Jo Davey, Global Director of People Performance, Xaxis

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Jo Davey, Global Director of People Performance, Xaxis

My Story

You only get one life and I really wanted to work out how to make my biggest contribution!

Shine came at a pivotal moment for me. I had had by anyone’s standards, a hairy few years. I had burnt out during a pitch (see lovely before and after picture), suffered with ongoing mental health following that time, left my job, my dad had a heart attack and was in intensive care for 7 weeks, my husband had depression and then sadly, completely out of the blue my lovely mum contracted sepsis and died very suddenly two years ago.

How I came to Shine

I’m not looking for sympathy here – but these challenges did seem to come in fast succession….

After being a very driven, full time working mum of two wonderful girls (now 13 and 15) I had to throw my hands in the air and “deal with it”. I needed to stop and work out what I had to do to grieve, to get well and to work out what my purpose was when life could (and for my mum was) be snatched away at any moment.

So, 2019 was the “getting better” year, I did a hell of a lot of yoga, got a therapist and a health coach and set up my own business where I could choose who and where and how I worked. I chose Xaxis, which is part of GroupM. A year after consulting with them they offered me a job as Global Director of People Performance and three months later I was booked to attend a Shine programme. Good decision Jo Davey!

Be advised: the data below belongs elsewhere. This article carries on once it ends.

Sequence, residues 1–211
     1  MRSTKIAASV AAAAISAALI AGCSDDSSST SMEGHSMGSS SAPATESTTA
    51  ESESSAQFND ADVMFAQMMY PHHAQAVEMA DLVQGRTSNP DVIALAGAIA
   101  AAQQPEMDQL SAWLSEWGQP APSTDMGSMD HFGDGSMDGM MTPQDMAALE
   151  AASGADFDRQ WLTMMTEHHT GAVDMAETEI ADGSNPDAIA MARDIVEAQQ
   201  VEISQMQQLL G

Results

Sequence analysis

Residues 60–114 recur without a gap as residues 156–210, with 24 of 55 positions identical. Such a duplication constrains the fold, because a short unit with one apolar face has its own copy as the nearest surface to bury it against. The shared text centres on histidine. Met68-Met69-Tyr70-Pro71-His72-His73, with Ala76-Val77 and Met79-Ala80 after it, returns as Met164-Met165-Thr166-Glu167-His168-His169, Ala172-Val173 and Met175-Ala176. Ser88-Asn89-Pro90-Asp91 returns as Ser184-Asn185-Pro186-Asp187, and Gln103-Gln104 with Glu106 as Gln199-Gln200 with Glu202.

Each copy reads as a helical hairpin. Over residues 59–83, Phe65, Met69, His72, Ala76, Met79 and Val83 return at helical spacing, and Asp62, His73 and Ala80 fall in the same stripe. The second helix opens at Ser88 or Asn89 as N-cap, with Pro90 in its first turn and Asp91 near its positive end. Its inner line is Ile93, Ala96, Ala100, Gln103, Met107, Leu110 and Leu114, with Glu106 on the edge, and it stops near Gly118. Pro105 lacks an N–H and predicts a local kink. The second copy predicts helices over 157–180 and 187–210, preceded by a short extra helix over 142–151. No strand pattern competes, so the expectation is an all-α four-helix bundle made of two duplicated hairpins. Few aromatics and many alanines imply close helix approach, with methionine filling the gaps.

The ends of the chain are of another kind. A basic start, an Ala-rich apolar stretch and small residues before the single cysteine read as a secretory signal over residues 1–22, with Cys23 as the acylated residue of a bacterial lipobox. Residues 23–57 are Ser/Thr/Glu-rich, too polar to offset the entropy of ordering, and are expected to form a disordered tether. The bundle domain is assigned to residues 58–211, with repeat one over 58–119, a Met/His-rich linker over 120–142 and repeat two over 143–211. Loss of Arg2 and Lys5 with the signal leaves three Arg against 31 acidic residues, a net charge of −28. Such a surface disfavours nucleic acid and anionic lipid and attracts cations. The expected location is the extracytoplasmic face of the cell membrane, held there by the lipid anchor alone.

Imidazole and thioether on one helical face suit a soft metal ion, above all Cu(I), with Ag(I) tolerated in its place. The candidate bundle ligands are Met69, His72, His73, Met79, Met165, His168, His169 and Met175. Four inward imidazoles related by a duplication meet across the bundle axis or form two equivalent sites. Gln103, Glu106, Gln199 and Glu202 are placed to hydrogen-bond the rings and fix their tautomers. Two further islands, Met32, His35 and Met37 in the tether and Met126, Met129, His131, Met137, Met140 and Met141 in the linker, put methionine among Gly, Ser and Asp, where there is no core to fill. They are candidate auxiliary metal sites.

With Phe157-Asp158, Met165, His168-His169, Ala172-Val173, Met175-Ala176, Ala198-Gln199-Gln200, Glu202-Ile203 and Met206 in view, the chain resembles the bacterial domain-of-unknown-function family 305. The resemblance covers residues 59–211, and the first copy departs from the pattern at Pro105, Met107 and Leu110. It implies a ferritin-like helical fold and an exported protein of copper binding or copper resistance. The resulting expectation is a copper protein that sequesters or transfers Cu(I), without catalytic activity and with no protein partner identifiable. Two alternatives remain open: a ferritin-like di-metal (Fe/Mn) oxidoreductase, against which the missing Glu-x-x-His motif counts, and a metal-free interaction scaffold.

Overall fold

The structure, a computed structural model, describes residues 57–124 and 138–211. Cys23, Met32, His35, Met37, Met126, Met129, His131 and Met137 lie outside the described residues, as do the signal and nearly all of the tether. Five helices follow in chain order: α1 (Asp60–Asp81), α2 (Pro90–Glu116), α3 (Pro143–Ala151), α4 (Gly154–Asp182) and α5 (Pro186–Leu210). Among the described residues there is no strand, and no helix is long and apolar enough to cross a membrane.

The Impact

Shine was the most incredible experience that gave me permission to focus on myself

Then I started to feel really rubbish again. After a lot of googling I realised I was menopausal (a bit early at 46 but hey ho I’ve always been early for everything). It completely blindsided me. The mood swings, the anger, the fatigue, the hot sweats, the foggy brain. The more I read about it the more flabbergasted I was – 25% of women have symptoms so severe that they consider or do give up work. Why is this not discussed? Why, when I tried to bring this up did people look embarrassed, like I was discussing something dark and sinister and never to be mentioned?

And that’s when Shine happened. I had just started treatment and it was just the most incredible experience to have permission to switch off from all the roles I do and focus on myself and my purpose. And also to hang out with some totally inspirational ladies  – both the Shine coaches and my colleagues – many of whom had been or were going through challenging times too.

My Bigger Game is to raise awareness of menopause so that others after me have better support

I built an internal support site for my company with information for affected individuals, their managers and their partners and friends. HR created a menopause policy and managers guide and I wrote an online training. I think the best thing we’ve done is to recruit Menopause Champions – women who are going through it or have gone through it – to share their stories. We’ve held lunch and learns and they’ve been attended at times (to my surprise) by nearly 100 people – many of whom have contacted me since saying that they hadn’t connected the dots that what they are feeling could be menopause!

I’ve got braver about talking about it externally too – and recently took part in a podcast on menopause and consciously planning the next part of my life with a New York Times Bestseller of a book called Essentialism. It was an amazing experience – and something I never imagined I would get to do! I’ve even put my name down for the Brighton Marathon – watch this space!